FORECLOSURE REALITY CHECK.... Seasoned investors who buy foreclosures know the REO manager at the bank and get "off market" deals. They never have to bid or find a place to learn what's available.
FOR ALL OTHERS: The only "sellers market" in america is the foreclosure market. Don't expect any deals from a foreclosure as the bidding process brings 20-30 people to bid on almost every deal. A deal that was already priced at market. For government foreclosed homes, by law, they have to be priced "at market".
The REO manager has a short list of "cash/close in 2 day buyers", they always get the first right to bid. Then they have to wait for the "public auction" Which drives up those prices. After a 30-60 day period. Then the REO picks the best bid. Sometimes, only sometimes does a REO manager take a property directly to a buyer he knows peronsally. Why should he, he has a bunch of people bidding and driving up the prices.
My REO manager friend likes to joke about all the "first timers" who continue to drive up the bid when they don't hear anything from the bank. Every time I see the "how come I haven't heard from the bank about accepting my foreclosure bid after 30+ days" on trulia, I have to let out a chuckle because he's so right. For those newbies, this is real. They know that when you don't hear from them that a large percentage of people drop a second or third offer higher than the previous one. **WARNING, YOU ARE BEING TAKEN ADVANTAGE OF HERE**
You want a deal on a property right, everyone wants that.... So the moral of this story is:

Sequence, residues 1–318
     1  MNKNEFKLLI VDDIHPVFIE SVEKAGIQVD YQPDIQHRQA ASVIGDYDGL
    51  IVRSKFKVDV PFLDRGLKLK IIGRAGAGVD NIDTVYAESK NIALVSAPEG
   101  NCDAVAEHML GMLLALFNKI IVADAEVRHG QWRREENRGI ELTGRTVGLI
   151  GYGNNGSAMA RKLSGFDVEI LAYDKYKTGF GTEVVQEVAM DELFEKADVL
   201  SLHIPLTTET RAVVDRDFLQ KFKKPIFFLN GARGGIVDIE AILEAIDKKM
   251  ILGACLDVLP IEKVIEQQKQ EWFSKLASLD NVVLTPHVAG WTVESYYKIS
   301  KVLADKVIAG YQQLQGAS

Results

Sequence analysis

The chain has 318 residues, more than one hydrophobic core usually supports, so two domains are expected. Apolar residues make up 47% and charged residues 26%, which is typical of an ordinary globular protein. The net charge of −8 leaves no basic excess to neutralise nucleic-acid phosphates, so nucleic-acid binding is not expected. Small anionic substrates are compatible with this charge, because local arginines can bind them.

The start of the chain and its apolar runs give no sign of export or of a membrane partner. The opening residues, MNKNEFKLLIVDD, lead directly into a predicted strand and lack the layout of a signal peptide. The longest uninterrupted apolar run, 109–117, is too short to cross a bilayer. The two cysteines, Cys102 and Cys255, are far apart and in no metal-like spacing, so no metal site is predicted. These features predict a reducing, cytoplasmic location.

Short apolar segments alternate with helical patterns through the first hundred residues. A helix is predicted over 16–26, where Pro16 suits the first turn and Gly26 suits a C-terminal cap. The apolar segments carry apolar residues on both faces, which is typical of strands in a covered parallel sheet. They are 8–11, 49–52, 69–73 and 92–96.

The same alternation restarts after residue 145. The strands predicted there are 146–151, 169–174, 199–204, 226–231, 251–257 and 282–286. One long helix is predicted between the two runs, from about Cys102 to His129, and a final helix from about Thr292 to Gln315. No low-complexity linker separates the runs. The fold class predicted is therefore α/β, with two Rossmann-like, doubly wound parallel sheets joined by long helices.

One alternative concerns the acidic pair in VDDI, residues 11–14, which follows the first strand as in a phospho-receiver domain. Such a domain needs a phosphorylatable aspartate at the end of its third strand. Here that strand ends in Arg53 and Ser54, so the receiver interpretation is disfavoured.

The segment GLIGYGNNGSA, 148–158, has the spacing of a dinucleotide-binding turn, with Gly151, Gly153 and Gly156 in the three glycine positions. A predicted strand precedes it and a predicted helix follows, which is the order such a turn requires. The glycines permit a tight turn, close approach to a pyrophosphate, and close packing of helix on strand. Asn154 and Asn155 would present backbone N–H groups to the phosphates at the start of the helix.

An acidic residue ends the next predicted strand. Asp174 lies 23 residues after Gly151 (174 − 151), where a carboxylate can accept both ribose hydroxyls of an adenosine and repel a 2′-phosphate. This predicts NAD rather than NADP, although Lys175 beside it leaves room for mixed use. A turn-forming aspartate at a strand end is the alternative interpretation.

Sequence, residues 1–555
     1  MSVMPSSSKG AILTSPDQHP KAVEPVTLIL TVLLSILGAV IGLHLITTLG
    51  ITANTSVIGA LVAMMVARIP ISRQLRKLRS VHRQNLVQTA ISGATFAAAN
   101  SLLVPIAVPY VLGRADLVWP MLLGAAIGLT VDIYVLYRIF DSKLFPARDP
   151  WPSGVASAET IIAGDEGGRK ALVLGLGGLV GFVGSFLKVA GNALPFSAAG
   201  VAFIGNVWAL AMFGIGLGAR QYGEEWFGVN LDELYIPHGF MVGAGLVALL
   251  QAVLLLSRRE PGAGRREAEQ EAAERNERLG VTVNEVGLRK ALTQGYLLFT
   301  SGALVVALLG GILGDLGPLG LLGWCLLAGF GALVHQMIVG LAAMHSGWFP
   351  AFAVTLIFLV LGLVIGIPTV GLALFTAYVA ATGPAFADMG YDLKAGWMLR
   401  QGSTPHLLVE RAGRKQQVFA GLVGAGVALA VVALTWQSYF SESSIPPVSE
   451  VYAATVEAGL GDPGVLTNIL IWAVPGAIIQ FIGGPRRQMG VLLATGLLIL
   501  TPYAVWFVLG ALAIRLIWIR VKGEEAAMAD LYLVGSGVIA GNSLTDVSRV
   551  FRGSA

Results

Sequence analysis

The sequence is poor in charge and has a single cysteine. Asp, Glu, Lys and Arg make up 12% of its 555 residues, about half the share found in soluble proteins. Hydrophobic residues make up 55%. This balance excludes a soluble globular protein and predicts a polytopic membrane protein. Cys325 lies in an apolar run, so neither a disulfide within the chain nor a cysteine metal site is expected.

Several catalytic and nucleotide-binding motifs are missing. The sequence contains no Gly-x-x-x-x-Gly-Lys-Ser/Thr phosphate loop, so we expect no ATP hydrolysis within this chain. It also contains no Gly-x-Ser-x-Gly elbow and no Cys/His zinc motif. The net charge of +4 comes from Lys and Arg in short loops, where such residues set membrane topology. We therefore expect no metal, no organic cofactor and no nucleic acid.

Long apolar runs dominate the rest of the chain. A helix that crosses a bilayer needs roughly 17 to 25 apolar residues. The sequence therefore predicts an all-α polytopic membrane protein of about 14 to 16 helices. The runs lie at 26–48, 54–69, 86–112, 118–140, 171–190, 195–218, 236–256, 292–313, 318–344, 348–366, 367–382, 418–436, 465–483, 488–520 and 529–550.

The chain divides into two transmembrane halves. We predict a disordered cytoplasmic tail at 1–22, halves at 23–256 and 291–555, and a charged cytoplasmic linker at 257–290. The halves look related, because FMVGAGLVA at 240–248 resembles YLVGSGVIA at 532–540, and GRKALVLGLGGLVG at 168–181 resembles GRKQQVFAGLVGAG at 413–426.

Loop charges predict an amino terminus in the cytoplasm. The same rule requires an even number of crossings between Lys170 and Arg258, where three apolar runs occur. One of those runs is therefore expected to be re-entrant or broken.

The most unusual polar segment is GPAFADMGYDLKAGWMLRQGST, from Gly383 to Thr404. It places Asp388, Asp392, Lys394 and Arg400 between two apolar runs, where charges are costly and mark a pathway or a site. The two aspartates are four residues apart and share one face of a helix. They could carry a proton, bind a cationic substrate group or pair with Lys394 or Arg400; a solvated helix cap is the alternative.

1. the 60 days you have to wait to hear from a REO, you could have made 2 or 3 better deals with a property that has been on the market for a long period of time. Any realtor can help you drop a crazy offer.
2. You are attempting to make a deal in a house covered in a cloud of bad energy, don't be surprised when it rubs off. Personally I stay away from these for this reason entirely.
3. One way to get a deal is dropping a hand written note on ANY house in a neighborhood you want to buy that says "my girlfriend and I want to buy a house in this neighborhood and yours looks cute from the outside. Do you know anyone that is looking to sell?" I always get responses, better prices and positive energy into the home.
I don't think 3 days is unreasonable. Even on a great offer, it might take 3 days to respond when the Buyer and Seller are in different states. I wouldn't be too concerned just yet. I would also ask when the offer expires? While "time is of the essence" the expiration date of an offer can certainly affect how long they will take. Did you give them 3 days or longer? Maybe they are considering it and haven't made up their minds yet. Or maybe the listing agent hasn't been able to contact them yet, or just did so yesterday, etc.
There are lots of possibilities, all you can do is hope for the best!
Good luck, I hope you get it!
Broker, CRS, GRI, ePro
Raving Real Estate